Saturday, 26 March 2011
Fascinated to read all the material you have gathered on this great institution. My own Kardomah memories are of two branches in Manchester. First, the large establishment at the Lewis’s end of Market Street – a three-storey place with 'nippies’ and change humming in vacuum tubes. A delicacy to be had there was herring roes on toast. But the branch of K in which I spent most time was at the posher end of the city, in St Anne’s Square. As soon as you went down the steps into the fragrant interior it felt like being abroad. as the cafe was patronised by groups of Manchester’s Levantine communities. You could hear Arabic spoken there, Greek and Yiddish. The most distinctive feature of this branch of K was a large fireplace over which was the motto ‘Die werkt met lust verlangt geen rust’ – Dutch, I’m fairly sure, meaning something like ‘He who enjoys his work does not long for leisure’. I wonder whether the Kardomah company ordered this fireplace, or whether it was a feature of the building before Kardomah took it over?
Tuesday, 8 March 2011
STIRRING STUFF: Above, the mid-1960s photograph of the Kardomah that sparked Gladys Allcock's memories and, left, as it looked towards the end of its days.
IT was lovely to see a photograph of the old Kardomah restaurant in Bygones.
I went there regularly from the 1940s until its closure in the early 1980s.
It was beautiful inside. The walls were oak-panelled, with each panel having an art deco motif in its top centre.
One remains today on the staircase in the restaurant that replaced it.
There were square wooden tables that seated two or four and crisp, white tablecloths or, sometimes, blue gingham.
The meals were simple but delicious British fare – mixed grill, toasted teacakes, little sandwiches and cakes.
It was rather like the Lyons Corner Houses that used to be in London. Right to the end, I think the waitresses were in smart black and white uniforms.
We used to call them "nippies" – presumably because they nipped around the tables so quickly.
I remember service was certainly always quick.
Up until the 1950s, you could buy loose tea in the downstairs restaurant, while upstairs was a coffee bar, where you could buy fresh coffee, which was weighed and put into little linen sacks. The aroma of freshly-ground coffee beans was heavenly, especially as instant coffee was not widely available at that time.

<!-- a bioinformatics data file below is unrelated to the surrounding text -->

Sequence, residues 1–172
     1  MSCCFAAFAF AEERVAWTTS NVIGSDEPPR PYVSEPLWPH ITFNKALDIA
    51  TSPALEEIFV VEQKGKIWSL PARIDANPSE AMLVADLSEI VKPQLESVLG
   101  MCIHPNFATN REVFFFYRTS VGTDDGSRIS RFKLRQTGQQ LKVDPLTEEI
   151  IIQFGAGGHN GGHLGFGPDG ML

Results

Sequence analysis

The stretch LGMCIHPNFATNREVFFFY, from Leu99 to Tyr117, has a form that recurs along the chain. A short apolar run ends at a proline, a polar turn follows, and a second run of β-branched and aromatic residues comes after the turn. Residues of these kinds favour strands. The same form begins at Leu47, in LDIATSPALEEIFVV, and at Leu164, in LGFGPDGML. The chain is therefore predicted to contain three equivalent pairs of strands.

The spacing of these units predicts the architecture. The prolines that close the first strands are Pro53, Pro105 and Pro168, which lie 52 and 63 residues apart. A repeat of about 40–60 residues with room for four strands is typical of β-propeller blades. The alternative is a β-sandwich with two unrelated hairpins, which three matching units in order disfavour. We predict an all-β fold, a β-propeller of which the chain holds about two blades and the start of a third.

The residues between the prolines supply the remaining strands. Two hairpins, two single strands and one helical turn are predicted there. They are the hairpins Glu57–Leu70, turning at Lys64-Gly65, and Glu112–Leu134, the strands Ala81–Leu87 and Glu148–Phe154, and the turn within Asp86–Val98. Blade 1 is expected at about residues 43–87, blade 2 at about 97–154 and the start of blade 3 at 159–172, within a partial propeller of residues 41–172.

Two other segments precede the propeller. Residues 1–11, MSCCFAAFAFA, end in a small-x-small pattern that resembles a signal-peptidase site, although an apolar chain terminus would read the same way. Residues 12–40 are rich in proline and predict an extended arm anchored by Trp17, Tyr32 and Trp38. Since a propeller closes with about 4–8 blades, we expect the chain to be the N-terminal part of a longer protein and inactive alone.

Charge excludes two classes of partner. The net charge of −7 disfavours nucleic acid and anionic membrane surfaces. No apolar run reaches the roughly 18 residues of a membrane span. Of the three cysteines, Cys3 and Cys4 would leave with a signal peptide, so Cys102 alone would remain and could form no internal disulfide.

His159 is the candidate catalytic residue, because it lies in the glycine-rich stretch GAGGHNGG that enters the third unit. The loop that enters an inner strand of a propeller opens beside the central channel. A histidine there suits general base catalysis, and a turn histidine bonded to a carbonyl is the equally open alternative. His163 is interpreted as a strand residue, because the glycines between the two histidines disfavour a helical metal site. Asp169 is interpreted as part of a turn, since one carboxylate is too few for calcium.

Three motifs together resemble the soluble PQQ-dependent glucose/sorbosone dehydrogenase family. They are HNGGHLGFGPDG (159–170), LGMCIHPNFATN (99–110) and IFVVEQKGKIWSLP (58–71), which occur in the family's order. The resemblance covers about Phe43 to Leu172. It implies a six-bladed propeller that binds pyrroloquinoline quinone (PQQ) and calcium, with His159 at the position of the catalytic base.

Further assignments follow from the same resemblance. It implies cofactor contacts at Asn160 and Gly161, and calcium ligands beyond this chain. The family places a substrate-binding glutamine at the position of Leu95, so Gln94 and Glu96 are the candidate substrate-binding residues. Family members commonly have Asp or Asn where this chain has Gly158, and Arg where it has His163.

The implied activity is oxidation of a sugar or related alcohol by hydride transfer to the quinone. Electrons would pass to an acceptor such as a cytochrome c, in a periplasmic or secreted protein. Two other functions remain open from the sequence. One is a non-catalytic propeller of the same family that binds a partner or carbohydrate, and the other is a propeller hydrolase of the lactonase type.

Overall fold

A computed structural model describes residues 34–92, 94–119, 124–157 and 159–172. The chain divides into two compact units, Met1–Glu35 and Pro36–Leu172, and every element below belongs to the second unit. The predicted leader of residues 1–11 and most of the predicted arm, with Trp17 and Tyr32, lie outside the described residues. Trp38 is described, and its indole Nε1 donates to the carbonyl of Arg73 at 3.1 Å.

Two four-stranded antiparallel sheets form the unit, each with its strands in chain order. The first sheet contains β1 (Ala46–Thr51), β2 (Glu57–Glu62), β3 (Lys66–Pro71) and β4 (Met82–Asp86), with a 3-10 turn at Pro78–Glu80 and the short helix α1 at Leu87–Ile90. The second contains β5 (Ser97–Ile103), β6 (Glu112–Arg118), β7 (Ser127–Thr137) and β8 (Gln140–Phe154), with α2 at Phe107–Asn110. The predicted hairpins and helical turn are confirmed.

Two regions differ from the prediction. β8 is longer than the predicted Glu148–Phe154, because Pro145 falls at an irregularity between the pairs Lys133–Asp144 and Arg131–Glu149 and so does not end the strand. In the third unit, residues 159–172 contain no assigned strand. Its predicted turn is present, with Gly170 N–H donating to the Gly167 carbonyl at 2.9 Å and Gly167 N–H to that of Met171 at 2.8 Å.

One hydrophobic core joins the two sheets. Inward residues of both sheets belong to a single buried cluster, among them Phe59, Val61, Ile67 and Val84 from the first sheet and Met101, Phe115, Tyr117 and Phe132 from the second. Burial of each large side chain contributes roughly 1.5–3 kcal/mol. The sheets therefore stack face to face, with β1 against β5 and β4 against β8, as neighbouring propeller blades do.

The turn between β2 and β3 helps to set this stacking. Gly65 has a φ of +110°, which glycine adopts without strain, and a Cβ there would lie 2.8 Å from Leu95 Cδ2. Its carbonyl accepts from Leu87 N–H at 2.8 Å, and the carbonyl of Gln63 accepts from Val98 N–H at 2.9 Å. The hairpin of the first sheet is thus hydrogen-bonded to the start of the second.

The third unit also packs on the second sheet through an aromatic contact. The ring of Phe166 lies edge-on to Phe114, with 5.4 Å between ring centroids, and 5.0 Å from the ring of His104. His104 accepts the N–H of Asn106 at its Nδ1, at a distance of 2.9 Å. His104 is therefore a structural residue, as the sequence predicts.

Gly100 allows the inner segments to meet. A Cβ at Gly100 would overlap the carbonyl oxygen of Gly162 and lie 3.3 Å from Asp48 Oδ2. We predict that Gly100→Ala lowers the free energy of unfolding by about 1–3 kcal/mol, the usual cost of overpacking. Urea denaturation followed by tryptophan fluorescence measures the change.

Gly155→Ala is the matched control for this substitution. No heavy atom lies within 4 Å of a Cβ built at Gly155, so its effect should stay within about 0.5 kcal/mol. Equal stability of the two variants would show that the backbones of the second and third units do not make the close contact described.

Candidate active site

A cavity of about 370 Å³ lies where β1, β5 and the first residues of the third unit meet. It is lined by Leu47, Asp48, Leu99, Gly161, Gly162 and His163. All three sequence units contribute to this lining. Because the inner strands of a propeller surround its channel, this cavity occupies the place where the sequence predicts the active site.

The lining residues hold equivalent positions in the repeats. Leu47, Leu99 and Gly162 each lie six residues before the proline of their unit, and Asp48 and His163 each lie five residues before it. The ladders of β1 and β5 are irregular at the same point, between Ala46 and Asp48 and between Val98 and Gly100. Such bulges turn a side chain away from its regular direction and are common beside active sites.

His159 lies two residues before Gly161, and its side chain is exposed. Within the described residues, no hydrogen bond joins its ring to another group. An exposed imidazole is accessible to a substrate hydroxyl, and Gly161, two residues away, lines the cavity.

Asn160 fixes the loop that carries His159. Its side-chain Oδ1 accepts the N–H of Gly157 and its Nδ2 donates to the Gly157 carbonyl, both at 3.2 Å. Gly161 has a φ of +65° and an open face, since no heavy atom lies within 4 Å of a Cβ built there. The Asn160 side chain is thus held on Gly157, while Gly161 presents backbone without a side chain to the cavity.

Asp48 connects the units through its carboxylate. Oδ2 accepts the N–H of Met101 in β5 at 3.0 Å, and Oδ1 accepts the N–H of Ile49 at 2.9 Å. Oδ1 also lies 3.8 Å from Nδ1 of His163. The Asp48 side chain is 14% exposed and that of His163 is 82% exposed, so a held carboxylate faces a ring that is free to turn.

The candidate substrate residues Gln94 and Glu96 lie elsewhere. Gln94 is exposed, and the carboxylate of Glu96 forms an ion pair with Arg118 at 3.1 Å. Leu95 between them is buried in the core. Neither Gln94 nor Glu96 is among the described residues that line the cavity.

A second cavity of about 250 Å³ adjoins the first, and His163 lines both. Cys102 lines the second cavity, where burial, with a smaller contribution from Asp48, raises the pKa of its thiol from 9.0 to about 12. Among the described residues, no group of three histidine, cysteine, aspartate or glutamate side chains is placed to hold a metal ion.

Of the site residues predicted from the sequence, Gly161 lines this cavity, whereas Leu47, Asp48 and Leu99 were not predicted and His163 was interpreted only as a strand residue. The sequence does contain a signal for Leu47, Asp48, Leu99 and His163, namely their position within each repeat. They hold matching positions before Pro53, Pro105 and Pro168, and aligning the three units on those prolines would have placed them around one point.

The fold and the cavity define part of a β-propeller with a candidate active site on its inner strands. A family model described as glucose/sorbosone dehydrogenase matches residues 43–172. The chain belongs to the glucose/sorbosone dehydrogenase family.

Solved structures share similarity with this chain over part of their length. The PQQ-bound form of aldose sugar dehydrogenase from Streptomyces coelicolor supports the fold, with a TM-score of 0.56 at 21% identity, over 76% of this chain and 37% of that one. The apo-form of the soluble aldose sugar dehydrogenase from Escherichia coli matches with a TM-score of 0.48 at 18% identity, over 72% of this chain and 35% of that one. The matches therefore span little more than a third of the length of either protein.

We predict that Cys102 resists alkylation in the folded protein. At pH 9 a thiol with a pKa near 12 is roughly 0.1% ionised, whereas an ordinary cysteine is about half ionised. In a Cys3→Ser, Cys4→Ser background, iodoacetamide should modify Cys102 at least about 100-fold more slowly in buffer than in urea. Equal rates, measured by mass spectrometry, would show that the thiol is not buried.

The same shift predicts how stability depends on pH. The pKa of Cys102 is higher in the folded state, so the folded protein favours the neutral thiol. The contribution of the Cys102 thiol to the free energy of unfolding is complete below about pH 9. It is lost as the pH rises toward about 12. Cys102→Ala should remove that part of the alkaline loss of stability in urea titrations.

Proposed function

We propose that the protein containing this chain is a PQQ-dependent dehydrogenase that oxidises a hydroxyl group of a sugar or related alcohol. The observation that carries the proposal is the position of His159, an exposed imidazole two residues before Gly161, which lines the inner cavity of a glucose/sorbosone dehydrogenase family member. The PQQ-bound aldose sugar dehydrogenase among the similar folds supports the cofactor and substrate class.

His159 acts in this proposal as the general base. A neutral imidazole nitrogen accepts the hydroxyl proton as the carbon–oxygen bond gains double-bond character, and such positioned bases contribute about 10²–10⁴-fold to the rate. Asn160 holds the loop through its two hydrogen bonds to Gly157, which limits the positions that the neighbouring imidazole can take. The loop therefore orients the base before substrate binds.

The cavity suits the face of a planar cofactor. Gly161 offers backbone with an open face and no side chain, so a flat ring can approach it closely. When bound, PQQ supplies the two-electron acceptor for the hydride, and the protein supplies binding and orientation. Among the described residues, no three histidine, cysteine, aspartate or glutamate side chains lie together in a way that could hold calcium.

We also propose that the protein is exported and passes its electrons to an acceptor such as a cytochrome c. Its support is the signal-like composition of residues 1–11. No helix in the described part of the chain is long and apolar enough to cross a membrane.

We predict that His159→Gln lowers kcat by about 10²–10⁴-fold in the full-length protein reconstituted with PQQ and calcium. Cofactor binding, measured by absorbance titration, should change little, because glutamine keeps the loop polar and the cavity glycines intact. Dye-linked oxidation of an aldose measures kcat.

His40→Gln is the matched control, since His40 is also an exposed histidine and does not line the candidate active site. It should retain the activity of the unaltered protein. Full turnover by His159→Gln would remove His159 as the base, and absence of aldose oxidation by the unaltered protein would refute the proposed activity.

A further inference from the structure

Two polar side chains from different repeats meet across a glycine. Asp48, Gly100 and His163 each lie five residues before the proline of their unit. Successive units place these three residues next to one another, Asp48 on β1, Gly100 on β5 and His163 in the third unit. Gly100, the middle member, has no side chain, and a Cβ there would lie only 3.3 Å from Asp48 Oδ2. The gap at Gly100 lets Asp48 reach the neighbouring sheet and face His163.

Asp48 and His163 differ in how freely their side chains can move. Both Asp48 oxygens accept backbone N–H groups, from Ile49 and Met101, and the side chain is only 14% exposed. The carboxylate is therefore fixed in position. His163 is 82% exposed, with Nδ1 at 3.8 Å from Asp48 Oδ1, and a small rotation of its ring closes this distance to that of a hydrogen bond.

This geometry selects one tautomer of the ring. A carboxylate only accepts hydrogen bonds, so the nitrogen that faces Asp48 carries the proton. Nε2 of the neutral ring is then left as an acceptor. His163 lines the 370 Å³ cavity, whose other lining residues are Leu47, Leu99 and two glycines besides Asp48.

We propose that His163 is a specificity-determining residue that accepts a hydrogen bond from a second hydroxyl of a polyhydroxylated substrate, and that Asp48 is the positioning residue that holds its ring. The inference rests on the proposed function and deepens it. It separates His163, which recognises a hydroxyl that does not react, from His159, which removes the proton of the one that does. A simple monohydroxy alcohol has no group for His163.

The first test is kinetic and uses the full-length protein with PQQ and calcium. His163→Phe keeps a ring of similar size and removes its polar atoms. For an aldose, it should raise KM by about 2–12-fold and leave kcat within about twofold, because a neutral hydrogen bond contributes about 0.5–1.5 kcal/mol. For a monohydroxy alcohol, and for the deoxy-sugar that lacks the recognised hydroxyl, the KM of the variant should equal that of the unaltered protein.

The decor upstairs was slightly different – sort of Moorish in design. It was rather exotic, I thought.
The Kardomah was usually open late and, after the cinema had finished, we'd go in there for a late-night coffee.
There were also often quite a few journalists from the Derby Telegraph in there, as it was an ideal place to conduct interviews.
Situated as it was at the junction of the Cornmarket and St James's Street, with a police officer standing in the middle of the road directing traffic, it was the perfect place to watch the world go by.
I always tried to get a table near to the window.
At a time when there were few eating places in Derby, it was THE place to go. Whether it be breakfast, morning coffee, lunch, afternoon tea or late supper, the place was always full of people.
My friend had a job there washing up in the kitchens – no dishwashers in those days.
I was sad when its closure was announced and had my lunch there on its final day.
It was packed out. Somehow, egg and chips has never tasted quite the same again.
I suppose its successor was the Swiss Cottage, in the Audley Centre – still a good, old-fashioned British cafe.
If I am in London, I like to eat at Simpson's, on The Strand. Its decor is almost identical to the Kardomah and the atmosphere is similar.
Happy memories come flooding back when I am there.
Did you frequent the Kardomah or were you a regular at the other popular Derby haunt, the Boccacio Cafe, in the Market Place? We would love to read your memories, contact details below.
Friday, 4 March 2011
The house of Milton Jones, uses Kardomah in it's theme song... Can anyone shed any light on Miltons conection with The Kardomah.
Click on the Title link to visit Miltons web site....